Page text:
Southeast Queens activists and leaders are fuming over what they called a dishonest jab from Republican vice presidential candidate Sarah Palin aimed at community grassroots campaigns.
During her acceptance speech at the Republican National Convention last week, the Alaska governor made a sarcastic remark about Democratic presidential candidate U.S. Sen. Barack Obama's (D-Ill.) experience as a community activist in Chicago.
"I guess a small-town mayor is sort of like a community organizer, except that you have actual responsibilities," she told a crowd of amused delegates.
Neighborhood leaders in southeast Queens, like Community Board 12 Chairwoman Adoja Gzifa, were not laughing at the quip.
Gzifa said communities like Jamaica, St. Albans and Springfield Gardens have greatly improved over the years, thanks to the hard work of organized residents.
"I've been out here a number of years working in this community, trying to help people. Once you help people and bring them up, they move up and help others," she said.
Peter Feldman, a spokesman for the presidential campaign of U.S. Sen. John McCain (R-Ariz.), said the vice presidential candidate did not mean any ill toward neighborhood groups.
"There is certainly a place for community activism, as demonstrated by Gov. Palin's own record of civic involvement, but Barack Obama's role as a community organizer pales in comparison to Gov. Palin's demonstrated experience," he said in an e-mailed statement.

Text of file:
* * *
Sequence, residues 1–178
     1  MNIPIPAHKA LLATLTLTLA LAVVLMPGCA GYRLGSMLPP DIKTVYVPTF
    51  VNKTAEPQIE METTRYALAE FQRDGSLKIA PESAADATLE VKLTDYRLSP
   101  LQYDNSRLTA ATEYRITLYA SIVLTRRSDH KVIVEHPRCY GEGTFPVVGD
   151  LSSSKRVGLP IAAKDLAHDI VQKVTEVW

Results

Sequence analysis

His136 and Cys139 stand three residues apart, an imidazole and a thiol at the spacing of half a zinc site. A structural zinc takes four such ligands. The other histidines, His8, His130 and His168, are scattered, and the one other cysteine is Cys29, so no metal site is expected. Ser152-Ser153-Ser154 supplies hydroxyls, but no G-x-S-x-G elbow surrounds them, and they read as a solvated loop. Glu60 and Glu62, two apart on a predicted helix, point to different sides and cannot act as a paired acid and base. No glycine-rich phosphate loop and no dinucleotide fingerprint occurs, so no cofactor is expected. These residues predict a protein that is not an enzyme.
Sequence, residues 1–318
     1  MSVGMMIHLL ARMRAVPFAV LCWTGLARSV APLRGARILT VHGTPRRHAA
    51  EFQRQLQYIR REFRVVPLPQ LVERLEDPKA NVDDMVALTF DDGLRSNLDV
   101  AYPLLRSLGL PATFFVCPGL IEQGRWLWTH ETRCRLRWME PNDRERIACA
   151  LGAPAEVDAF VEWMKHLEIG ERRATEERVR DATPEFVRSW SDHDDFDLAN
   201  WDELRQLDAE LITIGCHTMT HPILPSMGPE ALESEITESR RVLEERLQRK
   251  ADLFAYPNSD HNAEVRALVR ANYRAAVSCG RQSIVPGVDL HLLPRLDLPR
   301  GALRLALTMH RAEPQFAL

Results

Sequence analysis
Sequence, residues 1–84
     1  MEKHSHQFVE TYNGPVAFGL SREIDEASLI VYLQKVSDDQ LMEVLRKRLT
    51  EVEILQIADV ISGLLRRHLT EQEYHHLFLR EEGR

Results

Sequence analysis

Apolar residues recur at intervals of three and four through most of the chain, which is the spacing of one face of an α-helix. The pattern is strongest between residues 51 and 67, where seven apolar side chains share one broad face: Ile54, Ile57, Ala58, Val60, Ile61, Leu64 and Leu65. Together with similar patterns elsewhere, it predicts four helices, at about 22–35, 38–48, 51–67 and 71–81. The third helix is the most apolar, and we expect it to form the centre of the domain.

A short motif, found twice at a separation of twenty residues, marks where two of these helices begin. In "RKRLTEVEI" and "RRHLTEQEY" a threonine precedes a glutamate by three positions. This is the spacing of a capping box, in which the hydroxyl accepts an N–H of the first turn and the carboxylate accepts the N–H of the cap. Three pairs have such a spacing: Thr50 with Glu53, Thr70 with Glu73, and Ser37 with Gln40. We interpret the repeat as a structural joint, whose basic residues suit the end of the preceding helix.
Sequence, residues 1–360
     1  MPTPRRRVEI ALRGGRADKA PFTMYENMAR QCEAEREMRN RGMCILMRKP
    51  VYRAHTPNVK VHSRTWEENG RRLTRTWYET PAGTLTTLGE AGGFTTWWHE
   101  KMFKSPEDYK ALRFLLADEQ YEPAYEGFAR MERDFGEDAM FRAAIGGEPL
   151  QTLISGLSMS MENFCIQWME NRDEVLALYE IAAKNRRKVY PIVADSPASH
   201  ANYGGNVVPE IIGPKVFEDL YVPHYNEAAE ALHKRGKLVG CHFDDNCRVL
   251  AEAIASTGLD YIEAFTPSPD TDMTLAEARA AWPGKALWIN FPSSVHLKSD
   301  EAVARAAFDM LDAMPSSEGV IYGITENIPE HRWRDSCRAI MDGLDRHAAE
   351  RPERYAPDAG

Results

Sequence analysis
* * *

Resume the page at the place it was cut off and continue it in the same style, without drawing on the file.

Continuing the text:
Gzifa, a Democrat, cited Palin's civic involvement as a sign that the Alaskan governor was a hypocrite.
Minutes before she made her remark about community organizers in her speech, the mother of five said, "I was just your average hockey mom and signed up for the PTA because I wanted to make my kids' public education better."
"That's community organizing, right?" Gzifa asked.
The chairwoman said has always been impressed with how activists in her area, many of whom are working class minorities, organize successful efforts for their neighbors despite having few resources. She noted that many city politicians started out as civic organizers.
"They built those skills over the years," she said. "Many use their own money to organize their groups."
Gzifa pointed out that community groups were vital in southeast Queens in the recent shutdown of a St. Albans slaughterhouse. From April to August, residents protested outside the poultry market located at 126-24 Farmers Blvd., next door to many private dwellings, and advocated for the city and state to find ways to shut it down.
Last month, the governor passed a law that prohibited slaughterhouses from opening within 1,500 feet of homes and the slaughterhouse was prevented from opening. State Assemblyman William Scarborough (D-St. Albans), who worked with civic associations and residents to halt the slaughterhouse from opening, said he was also offended by Palin's remark, even if it was meant to be sarcastic.
"They are the unsung heroes of our community and any community," he said of community organizers. "They are trying to make a political point at the expense of hardworking people."
Reach reporter Ivan Pereira by e-mail at ipereira@t
©2008 Community News Group
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